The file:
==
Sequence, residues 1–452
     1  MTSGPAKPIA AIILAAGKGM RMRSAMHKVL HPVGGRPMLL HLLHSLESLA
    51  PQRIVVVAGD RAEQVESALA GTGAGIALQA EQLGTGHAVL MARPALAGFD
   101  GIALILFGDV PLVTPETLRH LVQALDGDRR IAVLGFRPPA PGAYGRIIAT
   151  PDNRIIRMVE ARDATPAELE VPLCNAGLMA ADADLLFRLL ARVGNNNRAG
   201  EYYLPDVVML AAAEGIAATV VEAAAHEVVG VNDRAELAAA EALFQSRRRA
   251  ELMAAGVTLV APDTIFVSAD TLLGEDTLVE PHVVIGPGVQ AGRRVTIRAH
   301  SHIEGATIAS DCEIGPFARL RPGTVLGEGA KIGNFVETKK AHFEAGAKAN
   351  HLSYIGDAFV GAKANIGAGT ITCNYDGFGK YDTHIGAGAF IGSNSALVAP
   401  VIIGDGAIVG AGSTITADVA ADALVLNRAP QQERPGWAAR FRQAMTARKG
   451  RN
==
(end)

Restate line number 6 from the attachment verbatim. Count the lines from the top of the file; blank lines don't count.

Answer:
   201  EYYLPDVVML AAAEGIAATV VEAAAHEVVG VNDRAELAAA EALFQSRRRA